Google Lauches Bard, Rival to ChatGPT

This week, Google launched its long-awaited AI service in the US and UK. Hoping to rival the popular ChatGPT, Bard’s waitlist has opened offering select users access. Google has however said that the roll out of this service will be slow and has not yet offered a public release date.

Much like ChatGPT and Microsoft’s Bing chatbot, the service offers users a blank chat box and an invitation to ask any questions they might like to ask. Google has pointed out that Bard is not a direct replacement for search, but more of a “compliment to search”.

Within a blog post, two of the project leads on Bard described it as “an early experiment … intended to help people boost their productivity, accelerate their ideas, and fuel their curiosity”, and said it allows people to “collaborate with generative AI”.

As with most AI generator systems, Bard offers a warning under the empty chat box disclaiming that “Bard may display inaccurate or offensive information that doesn’t represent Google’s views”.

Would you use an AI text generator?

Find out more here.

Linking AI In

LinkedIn is incorporating AI tools for users to create job listings, profile summaries, and gain more opportunities to learn about AI tech on LinkedIn Learning. 

Firstly, they have introduced a GPT-powered tool that will provide personalised writing suggestions when creating a LinkedIn profile. With premium, users can have GPT generate their headline or summary. Whilst this might save time, comb out key information for employers, or generate insightful ideas, there is the possibility that users’ summaries become carbon copies.

They are also trialling a GPT job description-writing tool, with employers typing in a title and company, to get a full job description to flesh out and edit.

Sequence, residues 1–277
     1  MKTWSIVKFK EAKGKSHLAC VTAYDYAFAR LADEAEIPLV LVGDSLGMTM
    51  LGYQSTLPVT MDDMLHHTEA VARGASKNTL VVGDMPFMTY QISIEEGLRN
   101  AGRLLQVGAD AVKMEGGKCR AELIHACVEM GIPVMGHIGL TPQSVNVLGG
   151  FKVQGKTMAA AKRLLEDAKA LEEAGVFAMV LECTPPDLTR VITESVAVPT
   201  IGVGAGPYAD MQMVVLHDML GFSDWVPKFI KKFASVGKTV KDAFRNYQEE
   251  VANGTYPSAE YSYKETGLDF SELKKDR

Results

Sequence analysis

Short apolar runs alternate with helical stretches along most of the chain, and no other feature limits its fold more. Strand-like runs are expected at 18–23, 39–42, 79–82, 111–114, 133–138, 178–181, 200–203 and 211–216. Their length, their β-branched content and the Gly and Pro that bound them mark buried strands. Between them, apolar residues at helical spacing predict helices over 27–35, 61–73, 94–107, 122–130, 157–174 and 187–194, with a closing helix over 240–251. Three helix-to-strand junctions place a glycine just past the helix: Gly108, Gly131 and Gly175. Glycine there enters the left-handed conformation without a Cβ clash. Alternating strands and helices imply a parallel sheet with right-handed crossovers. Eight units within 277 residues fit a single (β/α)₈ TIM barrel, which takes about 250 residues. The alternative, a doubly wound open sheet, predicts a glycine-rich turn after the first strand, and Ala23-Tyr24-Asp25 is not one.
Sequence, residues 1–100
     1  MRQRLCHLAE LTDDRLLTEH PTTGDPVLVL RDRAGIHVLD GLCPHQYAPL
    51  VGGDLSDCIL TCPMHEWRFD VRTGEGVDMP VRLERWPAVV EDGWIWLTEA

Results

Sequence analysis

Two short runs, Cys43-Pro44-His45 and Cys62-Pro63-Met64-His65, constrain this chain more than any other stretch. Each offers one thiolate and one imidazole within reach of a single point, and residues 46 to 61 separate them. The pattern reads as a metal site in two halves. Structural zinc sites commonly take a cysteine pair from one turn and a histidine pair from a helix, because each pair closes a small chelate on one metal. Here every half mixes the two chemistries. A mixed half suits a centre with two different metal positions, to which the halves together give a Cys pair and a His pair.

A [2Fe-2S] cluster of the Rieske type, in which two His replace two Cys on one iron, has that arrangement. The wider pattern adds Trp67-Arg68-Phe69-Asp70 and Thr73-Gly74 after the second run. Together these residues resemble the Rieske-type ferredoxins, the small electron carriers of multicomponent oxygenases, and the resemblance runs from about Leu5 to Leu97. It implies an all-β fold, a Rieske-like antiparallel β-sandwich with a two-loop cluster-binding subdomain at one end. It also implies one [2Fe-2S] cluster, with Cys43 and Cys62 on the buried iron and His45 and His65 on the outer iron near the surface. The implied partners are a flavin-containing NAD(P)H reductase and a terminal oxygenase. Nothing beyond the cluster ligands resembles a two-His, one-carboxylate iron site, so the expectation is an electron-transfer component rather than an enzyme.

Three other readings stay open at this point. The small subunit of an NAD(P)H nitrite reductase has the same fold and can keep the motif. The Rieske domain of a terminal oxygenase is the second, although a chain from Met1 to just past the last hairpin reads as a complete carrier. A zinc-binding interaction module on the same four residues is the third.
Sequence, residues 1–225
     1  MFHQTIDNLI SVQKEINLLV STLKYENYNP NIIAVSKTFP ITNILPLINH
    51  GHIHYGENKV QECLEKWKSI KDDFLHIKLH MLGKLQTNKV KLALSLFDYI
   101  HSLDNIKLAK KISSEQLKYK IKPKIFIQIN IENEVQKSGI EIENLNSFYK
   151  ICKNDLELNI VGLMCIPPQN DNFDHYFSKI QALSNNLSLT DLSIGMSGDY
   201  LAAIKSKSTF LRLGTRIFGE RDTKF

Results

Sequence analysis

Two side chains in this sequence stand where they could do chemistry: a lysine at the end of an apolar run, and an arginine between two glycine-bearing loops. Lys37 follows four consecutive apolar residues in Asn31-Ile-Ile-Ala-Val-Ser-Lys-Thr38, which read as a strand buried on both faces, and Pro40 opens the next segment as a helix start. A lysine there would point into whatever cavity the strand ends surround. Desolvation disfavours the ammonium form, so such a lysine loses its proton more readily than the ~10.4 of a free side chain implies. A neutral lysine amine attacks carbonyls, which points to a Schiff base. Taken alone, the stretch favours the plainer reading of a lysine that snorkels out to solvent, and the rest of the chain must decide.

Lastly, they are adding learning courses to help people with their AI skills, and making these freely available until the 15th June.

Find out more here.

Twitter Blue Subscribers’ Replies Prioritised

In the next phase of Elon Musks’ ‘Twitter 2.0’ plan, Twitter Blue subscribers will get priority of visibility for their replies, with the ranking of replies prioritised by people the user follows, then verified accounts, followed by unverified accounts.

However, so far this has not yet been implemented, as Twitter has had difficulty changing the code, which has been edited much over time. 

Musk reported that the ‘algorithm’ is ‘overly complex and not fully understood internally’, and that ‘providing code transparency’, as he plans to do, ‘will be incredibly embarrassing at first.’

A small number of Twitter users produce the majority of tweets, and with 450,000 users currently paying for Twitter Blue, this could mean a slight sway in the opinions promoted, and information spread. But, this is only 0.18% of users, and only applies to replies… for now.

Find out more here.

TikTok Fights Bans Expanding

The BBC has called for staff to remove TikTok on corporate devices, in line with the Government’s decision to ban the app from all government devices last week. As a public sector organisation, partly funded by the government, it has taken precaution to delete the app unless necessary for business use, in order to protect the news source.

Meanwhile, in America, Tiktok has made a desperate plea to top advertisers, also roping in high-profile users, in order to sway the White House away from its potential consideration of a full ban of the app.

TikTok has been holding meetings with top advertisers in recent weeks, in order to reassure the industry, with no tangible success. The next stage of these discussions will likely be critical, with TikTok CEO Shou Zi Chew set to appear before the US House Energy and Commerce Committee on Thursday.

Find out more here and here.